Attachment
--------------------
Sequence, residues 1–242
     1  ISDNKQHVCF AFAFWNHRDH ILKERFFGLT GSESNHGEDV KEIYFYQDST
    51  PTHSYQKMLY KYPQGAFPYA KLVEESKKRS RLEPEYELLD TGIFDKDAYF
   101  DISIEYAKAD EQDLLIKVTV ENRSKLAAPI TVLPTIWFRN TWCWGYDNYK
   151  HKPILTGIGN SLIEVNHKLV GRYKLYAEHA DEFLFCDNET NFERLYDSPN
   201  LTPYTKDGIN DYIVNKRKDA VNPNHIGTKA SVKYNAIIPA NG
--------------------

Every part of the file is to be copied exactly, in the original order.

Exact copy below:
Sequence, residues 1–242
     1  ISDNKQHVCF AFAFWNHRDH ILKERFFGLT GSESNHGEDV KEIYFYQDST
    51  PTHSYQKMLY KYPQGAFPYA KLVEESKKRS RLEPEYELLD TGIFDKDAYF
   101  DISIEYAKAD EQDLLIKVTV ENRSKLAAPI TVLPTIWFRN TWCWGYDNYK
   151  HKPILTGIGN SLIEVNHKLV GRYKLYAEHA DEFLFCDNET NFERLYDSPN
   201  LTPYTKDGIN DYIVNKRKDA VNPNHIGTKA SVKYNAIIPA NG